SELECT created_at FROM kext_load_history_v3 WHERE team_id = ?1 AND bundle_id = ?2

SELECT created_at FROM kext_load_history_v3 WHERE team_id IS NULL AND bundle_id = ?2

SELECT last_seen FROM kext_load_history_v3 WHERE team_id = ?1 AND bundle_id = ?2

SELECT last_seen FROM kext_load_history_v3 WHERE team_id IS NULL AND bundle_id = ?2

SELECT 1 FROM kext_load_history_v3 WHERE team_id = ?1 AND bundle_id = ?2 AND (flags & ?3) = ?3 AND boot_uuid != ?4

SELECT 1 FROM kext_load_history_v3 WHERE team_id IS NULL AND bundle_id = ?2 AND (flags & ?3) = ?3 AND boot_uuid != ?4

SELECT DISTINCT team_id FROM kext_policy WHERE team_id IS NOT NULL

SELECT bundle_id, developer_name, allowed FROM kext_policy WHERE team_id = ?1

SELECT bundle_id, developer_name, allowed FROM kext_policy WHERE team_id IS NULL

SELECT path, flags FROM kext_load_history_v3 WHERE team_id = ?1 AND bundle_id = ?2

SELECT path, flags FROM kext_load_history_v3 WHERE team_id IS NULL AND bundle_id = ?2

SELECT 1 FROM kext_policy WHERE flags & ?1 = ?1

UPDATE kext_policy SET allowed = 0, flags = ((flags & ~?1) | ?2) WHERE allowed = 1

You can use the above SQL statements with either /usr/bin/sqlite3 or some GUI app. Here is an example of the KextPolicy database:
Image of KextPolicy database

Edit: The SQL database has two tables (kext_load_history_v3 and kext_policy). Let’s get going:

1.) open a terminal window and enter:

/usr/bin/sqlite3 /var/db/SystemPolicyConfiguration/KextPolicy

2.) Enter:

sqlite> .tables

The result should be: kext_load_history_v3, kext_policy The two tables in the policy database.

We’re now going to get some data from the database. Enter one, or both, of the following SQL statements:

sqlite> SELECT path, bundle_id, team_id, boot_uuid, created_at, last_seen, flags FROM kext_load_history_v3;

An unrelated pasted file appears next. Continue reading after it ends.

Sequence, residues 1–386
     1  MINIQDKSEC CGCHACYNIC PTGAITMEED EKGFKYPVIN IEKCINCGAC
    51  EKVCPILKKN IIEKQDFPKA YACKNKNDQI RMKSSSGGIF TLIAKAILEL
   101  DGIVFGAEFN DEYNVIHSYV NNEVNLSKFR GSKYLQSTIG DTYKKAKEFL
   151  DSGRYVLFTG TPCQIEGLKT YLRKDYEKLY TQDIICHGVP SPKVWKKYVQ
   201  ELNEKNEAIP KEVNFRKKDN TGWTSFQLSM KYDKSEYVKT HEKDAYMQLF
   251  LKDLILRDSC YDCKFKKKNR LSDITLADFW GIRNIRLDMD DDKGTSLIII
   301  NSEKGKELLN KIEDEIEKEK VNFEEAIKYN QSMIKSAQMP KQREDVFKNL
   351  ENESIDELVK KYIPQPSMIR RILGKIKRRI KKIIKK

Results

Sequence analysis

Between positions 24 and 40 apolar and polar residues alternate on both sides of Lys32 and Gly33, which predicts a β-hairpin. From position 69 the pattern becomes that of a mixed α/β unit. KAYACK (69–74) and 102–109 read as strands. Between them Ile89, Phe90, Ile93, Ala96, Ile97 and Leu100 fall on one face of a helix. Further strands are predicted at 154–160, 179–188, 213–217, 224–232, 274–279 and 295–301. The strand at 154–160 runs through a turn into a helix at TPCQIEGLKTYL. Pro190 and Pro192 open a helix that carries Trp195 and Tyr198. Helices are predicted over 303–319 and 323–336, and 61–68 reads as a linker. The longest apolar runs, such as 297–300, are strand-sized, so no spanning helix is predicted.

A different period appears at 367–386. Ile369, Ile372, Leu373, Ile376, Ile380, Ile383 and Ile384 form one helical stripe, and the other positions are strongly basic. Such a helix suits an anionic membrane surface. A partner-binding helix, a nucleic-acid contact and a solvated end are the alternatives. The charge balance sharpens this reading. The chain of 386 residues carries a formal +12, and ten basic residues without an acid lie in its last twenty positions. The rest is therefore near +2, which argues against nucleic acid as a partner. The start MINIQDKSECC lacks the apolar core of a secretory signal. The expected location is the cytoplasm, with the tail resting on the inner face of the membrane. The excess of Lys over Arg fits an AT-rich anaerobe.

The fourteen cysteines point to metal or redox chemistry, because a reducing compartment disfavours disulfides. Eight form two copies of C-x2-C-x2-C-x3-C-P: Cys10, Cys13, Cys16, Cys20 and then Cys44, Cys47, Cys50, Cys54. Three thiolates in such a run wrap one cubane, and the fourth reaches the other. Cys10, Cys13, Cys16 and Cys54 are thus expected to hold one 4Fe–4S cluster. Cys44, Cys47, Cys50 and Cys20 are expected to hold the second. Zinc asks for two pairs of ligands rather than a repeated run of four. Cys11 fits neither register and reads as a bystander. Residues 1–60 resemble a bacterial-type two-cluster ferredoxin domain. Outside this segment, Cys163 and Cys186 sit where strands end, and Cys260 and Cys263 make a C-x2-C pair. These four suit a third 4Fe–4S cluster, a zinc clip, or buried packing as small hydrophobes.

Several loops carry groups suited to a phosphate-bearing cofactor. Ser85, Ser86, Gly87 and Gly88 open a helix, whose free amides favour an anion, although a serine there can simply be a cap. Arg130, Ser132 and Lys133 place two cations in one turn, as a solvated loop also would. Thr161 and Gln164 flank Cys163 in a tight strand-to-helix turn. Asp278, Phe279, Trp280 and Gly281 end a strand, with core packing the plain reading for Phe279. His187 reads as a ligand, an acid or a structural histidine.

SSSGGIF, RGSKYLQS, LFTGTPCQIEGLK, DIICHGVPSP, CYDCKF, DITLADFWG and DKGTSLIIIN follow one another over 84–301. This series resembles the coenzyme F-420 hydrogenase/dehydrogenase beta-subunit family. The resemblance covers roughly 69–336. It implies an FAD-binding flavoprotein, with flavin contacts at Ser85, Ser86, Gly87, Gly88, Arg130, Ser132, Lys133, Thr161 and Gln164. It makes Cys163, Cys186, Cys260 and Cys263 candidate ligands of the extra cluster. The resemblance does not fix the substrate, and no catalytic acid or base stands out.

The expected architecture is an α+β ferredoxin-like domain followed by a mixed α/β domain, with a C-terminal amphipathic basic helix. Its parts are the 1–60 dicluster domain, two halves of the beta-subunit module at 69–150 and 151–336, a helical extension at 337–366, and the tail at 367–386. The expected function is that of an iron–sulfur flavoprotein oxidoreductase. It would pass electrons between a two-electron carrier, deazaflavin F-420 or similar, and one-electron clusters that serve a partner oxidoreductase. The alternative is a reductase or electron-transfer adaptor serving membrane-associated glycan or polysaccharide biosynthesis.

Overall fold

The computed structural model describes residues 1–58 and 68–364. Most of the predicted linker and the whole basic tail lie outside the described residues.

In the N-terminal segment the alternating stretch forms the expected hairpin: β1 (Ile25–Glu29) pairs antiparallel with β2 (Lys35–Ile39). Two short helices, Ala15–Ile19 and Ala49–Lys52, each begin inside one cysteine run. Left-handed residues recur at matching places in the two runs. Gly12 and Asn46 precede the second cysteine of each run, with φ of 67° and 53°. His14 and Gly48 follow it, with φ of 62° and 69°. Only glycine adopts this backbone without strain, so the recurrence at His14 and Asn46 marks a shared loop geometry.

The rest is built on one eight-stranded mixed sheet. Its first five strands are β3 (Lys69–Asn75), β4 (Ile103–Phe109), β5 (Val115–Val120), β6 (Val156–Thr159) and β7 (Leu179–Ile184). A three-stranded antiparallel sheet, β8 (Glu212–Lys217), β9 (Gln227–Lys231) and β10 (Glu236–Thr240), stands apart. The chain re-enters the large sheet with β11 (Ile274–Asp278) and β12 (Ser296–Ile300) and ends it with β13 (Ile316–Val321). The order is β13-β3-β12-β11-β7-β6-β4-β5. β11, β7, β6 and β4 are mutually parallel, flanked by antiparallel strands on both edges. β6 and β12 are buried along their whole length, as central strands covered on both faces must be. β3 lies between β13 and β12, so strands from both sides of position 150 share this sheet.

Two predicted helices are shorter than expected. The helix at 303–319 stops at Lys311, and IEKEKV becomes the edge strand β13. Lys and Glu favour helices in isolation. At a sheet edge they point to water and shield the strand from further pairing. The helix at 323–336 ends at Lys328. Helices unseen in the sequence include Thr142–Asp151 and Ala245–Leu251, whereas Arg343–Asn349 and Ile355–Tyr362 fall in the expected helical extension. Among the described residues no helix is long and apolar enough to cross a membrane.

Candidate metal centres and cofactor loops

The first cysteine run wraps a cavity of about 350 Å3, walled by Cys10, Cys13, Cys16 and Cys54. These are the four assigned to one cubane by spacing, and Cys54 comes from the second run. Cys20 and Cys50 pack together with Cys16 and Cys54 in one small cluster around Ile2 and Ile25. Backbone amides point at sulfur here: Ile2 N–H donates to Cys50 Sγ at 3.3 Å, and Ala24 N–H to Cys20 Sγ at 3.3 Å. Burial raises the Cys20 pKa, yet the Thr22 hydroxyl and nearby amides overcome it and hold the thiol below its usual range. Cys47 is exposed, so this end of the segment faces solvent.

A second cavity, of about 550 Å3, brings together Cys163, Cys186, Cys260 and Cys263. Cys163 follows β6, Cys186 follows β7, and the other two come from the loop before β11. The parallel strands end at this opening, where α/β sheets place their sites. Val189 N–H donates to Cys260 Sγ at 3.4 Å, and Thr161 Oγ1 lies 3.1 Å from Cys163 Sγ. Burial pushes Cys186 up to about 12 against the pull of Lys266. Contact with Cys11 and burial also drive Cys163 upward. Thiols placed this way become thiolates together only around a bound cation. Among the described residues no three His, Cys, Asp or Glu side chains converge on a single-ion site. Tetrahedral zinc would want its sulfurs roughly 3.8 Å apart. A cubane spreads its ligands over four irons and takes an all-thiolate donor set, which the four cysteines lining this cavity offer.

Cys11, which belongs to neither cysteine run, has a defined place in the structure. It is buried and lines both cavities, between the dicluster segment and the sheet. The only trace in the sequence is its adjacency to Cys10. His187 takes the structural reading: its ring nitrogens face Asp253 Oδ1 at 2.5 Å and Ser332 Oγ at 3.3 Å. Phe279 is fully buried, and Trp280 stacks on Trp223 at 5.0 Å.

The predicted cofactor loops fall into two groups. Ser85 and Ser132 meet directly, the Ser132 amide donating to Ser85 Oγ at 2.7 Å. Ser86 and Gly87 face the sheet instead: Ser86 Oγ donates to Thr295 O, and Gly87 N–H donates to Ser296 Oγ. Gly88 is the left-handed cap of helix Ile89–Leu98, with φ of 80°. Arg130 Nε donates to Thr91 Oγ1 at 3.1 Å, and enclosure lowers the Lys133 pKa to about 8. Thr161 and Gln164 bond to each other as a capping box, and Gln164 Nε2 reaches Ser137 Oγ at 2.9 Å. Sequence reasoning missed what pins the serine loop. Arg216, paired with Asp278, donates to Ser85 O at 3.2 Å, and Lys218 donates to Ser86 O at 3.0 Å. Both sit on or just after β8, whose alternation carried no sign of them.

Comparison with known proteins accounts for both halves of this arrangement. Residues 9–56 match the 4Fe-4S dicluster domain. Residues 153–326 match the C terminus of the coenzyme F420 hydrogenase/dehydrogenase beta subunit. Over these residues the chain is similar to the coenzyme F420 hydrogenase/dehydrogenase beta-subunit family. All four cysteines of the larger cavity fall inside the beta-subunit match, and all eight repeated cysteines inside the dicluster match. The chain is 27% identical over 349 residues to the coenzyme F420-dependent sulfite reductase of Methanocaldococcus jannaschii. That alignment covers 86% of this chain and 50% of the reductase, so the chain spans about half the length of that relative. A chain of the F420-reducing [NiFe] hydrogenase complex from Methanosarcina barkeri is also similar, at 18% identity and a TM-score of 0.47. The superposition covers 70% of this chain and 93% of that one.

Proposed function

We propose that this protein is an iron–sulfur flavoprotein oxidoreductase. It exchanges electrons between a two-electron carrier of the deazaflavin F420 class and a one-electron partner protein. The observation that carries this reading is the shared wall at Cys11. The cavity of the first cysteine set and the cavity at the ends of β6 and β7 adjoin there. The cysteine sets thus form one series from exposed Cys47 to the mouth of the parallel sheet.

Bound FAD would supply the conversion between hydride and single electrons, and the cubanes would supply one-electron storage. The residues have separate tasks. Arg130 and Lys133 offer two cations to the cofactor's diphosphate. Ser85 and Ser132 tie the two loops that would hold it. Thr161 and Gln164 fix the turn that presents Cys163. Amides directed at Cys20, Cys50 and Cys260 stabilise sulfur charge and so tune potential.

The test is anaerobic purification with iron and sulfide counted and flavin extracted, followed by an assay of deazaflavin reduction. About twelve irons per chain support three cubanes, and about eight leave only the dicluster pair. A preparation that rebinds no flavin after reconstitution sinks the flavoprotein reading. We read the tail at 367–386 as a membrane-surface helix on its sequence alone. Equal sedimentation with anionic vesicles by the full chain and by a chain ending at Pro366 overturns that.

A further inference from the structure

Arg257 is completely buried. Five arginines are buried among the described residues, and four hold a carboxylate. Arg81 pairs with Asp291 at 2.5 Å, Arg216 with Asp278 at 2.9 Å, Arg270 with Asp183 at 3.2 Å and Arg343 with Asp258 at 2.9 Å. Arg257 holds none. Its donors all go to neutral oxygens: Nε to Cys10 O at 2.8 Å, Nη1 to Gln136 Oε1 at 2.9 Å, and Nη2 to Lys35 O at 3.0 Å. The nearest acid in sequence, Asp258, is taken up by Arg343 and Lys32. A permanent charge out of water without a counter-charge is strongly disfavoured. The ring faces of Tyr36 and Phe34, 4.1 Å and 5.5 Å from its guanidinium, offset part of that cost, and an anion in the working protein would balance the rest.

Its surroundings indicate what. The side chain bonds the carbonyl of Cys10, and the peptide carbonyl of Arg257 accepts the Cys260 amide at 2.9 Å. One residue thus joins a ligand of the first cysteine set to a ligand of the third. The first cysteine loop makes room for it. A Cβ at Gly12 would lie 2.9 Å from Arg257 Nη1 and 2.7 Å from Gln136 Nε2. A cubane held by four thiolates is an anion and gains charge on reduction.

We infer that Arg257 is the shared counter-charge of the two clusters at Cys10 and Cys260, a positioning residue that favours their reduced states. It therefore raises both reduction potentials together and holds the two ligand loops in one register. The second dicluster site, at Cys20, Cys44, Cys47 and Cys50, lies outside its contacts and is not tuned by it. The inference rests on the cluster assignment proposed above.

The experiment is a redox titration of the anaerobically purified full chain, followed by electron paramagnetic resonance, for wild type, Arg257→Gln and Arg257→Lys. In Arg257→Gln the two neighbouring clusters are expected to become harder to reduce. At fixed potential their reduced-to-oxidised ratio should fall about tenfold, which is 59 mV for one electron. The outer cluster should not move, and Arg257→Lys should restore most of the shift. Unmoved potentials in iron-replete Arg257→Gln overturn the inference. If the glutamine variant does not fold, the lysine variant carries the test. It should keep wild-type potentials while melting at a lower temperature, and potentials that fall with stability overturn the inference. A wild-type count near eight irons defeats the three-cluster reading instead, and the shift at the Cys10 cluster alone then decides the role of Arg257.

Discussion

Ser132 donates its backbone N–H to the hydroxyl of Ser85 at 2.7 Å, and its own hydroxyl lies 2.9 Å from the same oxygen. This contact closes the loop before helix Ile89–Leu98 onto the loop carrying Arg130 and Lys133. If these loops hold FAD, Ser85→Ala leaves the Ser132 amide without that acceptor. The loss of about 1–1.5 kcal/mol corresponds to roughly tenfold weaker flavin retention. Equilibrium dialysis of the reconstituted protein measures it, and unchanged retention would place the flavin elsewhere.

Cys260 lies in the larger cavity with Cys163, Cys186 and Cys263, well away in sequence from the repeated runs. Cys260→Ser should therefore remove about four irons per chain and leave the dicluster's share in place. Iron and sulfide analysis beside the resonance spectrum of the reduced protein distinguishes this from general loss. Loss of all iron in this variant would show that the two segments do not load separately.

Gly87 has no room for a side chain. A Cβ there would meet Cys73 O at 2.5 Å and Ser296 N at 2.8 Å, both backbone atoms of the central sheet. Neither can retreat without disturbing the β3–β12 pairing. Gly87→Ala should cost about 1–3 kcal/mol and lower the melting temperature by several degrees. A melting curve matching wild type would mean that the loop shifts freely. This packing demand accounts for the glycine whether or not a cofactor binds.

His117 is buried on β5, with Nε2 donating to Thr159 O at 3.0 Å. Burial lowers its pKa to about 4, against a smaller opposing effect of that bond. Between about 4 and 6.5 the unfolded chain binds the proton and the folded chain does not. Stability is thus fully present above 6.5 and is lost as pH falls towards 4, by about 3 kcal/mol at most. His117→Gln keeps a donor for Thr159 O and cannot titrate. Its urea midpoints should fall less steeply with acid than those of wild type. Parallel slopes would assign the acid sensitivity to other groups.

Result:

/Library/Extensions/CIJUSBLoad.kext|jp.co.canon.ij.print.CIJUSBLoad|XE2XNRRXZ5|D2E6A228-1C85-4138-9CC5-253105DF1BDC|2017-08-31 10:58:46|2017-09-01 13:45:49|9
/Library/Extensions/BJUSBLoad.kext|jp.co.canon.bj.print.BJUSBLoad|XE2XNRRXZ5|D2E6A228-1C85-4138-9CC5-253105DF1BDC|2017-08-31 10:58:46|2017-09-01 13:45:49|1
/Library/Extensions/EnergyDriver.kext|com.intel.driver.EnergyDriver|Z3L495V9L4|D4829428-7105-425D-830E-A69DCAADD558|2017-09-01 13:30:23|2017-09-01 13:34:41|1
/Applications/Intel Power Gadget/EnergyDriver.kext|com.intel.driver.EnergyDriver|Z3L495V9L4|D4829428-7105-425D-830E-A69DCAADD558|2017-09-01 13:34:52|2017-09-01 13:55:30|5

Or just:

SELECT * FROM kext_load_history_v3;

Giving you the same output. Let’s do that for the policy table as well.

3.) Enter:

sqlite> SELECT team_id, bundle_id, allowed, developer_name, flags FROM kext_policy;

Result:

XE2XNRRXZ5|jp.co.canon.bj.print.BJUSBLoad|1|Canon Inc.|0
XE2XNRRXZ5|jp.co.canon.ij.print.CIJUSBLoad|1|Canon Inc.|0
Z3L495V9L4|com.intel.driver.EnergyDriver|1|Intel Corporation Apps|1

Or just:

SELECT * FROM kext_policy;